We first need to define an environment variable for the root directory of COMPAS in your shell start-up file for COMPAS to run properly. For example, if you use bash as your shell, open ~/.bashrc with a text editor and put in the following:


where ~/codes should be replaced with the path to the directory where you cloned the COMPAS repository. For this to take effect, either restart your bash session or run:

source ~/.bashrc

If your shell is zsh (which is the default of macOS 10.15), set the environment variable as above in ~/.zshrc instead of ~/.bashrc. If your shell is csh, set the environment variable in ~/.cshrc using:


Tip: you can check whether you have correctly defined the environment variable and whether its been active by typing into your terminal the command:


This should return the directory location of the COMPAS folder (i.e. "~/codes/COMPAS").

Now go to the COMPAS source code directory:


In this directory you will find the file Makefile, which includes the following text to inform the compiler of the location of header files, and the linker of the location of library files, for each of the dependencies gsl, boost, and hdf5:

# gsl directories
GSLINCDIR := /include

# boost directories
BOOSTINCDIR := /include

# hdf5 directories
HDF5INCDIR := /usr/include/hdf5/serial
HDF5LIBDIR := /usr/lib/x86_64-linux-gnu/hdf5/serial

The locations given in Makefile may not match the locations of the files on your system.

If you installed the packages with Homebrew, the package files are likely to be found in /usr/local/opt (in directories gsl, boost, and hdf5 respectively), but if they are not found there you will need to use Homebrew, or some other method, to locate the files. e.g. for boost using Homebrew:

brew info boost
boost: stable 1.72.0 (bottled), HEAD
Collection of portable C++ source libraries
/usr/local/Cellar/boost/1.72.0 (14,466 files, 648.5MB) *

Note the path, which in this case is /usr/local/Cellar/boost/1.72.0 - you will use it when you build the COMPAS executable. Repeat this for gsl and hdf5, ensuring you locate the paths to the header files and library files.

Assuming here that the locations of the header and library files in Makefile for gsl and hdf5 are correct for your system, but the locations for boost are not, build the COMPAS executable (compile and link) by typing:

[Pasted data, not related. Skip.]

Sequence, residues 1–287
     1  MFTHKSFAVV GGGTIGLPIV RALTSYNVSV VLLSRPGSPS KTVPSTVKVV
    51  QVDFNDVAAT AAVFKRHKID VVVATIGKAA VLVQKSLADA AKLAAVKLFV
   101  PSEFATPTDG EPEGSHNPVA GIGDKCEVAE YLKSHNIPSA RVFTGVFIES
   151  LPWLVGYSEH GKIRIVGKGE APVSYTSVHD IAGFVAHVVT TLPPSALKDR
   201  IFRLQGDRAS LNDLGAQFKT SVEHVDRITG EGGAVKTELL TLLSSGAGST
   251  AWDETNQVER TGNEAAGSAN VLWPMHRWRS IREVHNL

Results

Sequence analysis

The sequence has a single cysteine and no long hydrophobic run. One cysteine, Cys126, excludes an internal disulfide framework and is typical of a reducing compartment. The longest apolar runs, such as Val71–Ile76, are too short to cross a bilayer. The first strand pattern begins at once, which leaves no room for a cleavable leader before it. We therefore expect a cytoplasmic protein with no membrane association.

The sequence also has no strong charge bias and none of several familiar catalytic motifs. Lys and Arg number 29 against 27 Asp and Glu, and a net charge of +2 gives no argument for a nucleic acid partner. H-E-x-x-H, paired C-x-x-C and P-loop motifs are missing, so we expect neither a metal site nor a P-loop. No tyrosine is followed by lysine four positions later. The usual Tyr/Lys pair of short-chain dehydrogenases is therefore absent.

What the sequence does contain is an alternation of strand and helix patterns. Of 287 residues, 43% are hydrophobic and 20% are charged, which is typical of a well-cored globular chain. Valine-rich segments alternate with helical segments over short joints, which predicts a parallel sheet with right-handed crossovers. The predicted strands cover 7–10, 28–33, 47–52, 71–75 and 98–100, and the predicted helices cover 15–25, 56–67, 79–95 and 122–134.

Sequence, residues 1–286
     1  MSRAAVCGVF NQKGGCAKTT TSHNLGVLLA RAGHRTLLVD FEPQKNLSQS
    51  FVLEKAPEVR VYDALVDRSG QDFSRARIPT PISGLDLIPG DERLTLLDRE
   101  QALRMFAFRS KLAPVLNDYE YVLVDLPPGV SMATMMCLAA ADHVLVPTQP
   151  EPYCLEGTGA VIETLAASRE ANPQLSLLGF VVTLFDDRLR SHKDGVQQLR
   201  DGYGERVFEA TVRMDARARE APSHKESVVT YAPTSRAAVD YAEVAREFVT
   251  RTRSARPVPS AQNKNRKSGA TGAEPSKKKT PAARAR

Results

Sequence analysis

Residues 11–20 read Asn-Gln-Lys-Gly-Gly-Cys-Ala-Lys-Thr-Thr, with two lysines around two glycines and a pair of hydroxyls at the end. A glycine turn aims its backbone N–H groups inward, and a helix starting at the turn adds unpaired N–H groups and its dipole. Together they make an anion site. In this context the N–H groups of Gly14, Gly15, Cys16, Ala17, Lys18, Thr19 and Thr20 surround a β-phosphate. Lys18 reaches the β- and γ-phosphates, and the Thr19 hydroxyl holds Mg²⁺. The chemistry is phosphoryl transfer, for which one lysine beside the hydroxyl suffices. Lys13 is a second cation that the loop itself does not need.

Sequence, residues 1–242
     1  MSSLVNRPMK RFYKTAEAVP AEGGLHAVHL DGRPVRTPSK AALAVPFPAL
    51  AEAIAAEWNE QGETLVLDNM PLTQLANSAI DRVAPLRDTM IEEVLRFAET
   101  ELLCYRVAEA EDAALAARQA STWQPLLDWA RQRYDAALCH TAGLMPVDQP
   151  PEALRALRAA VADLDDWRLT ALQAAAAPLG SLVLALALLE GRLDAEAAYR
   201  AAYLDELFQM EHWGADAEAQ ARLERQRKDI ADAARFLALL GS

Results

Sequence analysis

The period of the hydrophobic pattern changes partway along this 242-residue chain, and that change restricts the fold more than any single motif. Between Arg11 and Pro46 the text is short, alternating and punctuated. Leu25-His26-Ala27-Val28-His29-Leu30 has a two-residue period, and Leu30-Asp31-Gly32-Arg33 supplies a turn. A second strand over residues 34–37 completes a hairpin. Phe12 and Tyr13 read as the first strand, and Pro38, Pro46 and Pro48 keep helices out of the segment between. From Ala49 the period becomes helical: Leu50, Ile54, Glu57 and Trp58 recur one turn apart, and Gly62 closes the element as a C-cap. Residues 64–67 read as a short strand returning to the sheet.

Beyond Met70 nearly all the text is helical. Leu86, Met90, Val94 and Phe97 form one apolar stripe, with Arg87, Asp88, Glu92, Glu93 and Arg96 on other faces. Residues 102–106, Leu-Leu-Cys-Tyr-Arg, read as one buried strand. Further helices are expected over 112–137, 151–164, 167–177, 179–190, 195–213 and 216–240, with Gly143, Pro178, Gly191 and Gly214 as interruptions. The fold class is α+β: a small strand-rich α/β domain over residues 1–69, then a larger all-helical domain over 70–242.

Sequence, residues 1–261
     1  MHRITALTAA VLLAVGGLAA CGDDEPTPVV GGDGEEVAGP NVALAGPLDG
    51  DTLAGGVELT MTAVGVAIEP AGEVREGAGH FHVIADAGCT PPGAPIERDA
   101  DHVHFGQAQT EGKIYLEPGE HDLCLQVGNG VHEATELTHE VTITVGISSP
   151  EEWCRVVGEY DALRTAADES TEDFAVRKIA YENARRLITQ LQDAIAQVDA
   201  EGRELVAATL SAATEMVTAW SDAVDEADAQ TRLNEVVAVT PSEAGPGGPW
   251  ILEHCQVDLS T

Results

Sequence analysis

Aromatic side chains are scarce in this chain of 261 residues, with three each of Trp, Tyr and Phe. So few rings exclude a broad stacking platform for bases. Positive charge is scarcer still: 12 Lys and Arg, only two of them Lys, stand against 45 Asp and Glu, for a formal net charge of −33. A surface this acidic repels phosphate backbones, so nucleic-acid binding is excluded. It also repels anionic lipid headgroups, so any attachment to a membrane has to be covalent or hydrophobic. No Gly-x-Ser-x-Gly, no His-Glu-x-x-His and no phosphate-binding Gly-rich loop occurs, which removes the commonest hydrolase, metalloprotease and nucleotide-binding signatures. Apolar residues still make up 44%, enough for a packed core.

make -f Makefile BOOSTINCDIR=/usr/local/Cellar/boost/1.72.0/include BOOSTLIBDIR=/usr/local/Cellar/boost/1.72.0/lib

The build process will run much faster if multiple processors/cores are available. To build the COMPAS executable using (e.g.) 4 cores, type:

make -j 4 -f Makefile BOOSTINCDIR=/usr/local/Cellar/boost/1.72.0/include BOOSTLIBDIR=/usr/local/Cellar/boost/1.72.0/lib

Note that both make commands shown above will conduct incremental builds: they will only compile source files that have changed. To ensure a clean build in which all source files are compiled, type:

make clean
make -j 4 -f Makefile BOOSTINCDIR=/usr/local/Cellar/boost/1.72.0/include BOOSTLIBDIR=/usr/local/Cellar/boost/1.72.0/lib

The clean option instructs make to remove all existing object files (.o), and the COMPAS executable. A subsequent make is then forced to compile all source files and link the resultant object files (and external libraries) into a new executable.

Note that rather than type the make command each time you want to build COMPAS, you could create a file containing the make command, and execute that file to build COMPAS.

Once built, the executable can be tested with, e.g.:


which will display the code version.

See Building COMPAS locally for a detailed description of Makefile functionality.

A note for Mac users:

If you are using MacOS and running into linking issues with the boost libraries, try:

make clean
make CPP=clang++ -j$(sysctl -n hw.ncpu)

In some Mac installations, the GNU C++ compiler is not installed how we might expect, so trying to compile and link with clang++ might help.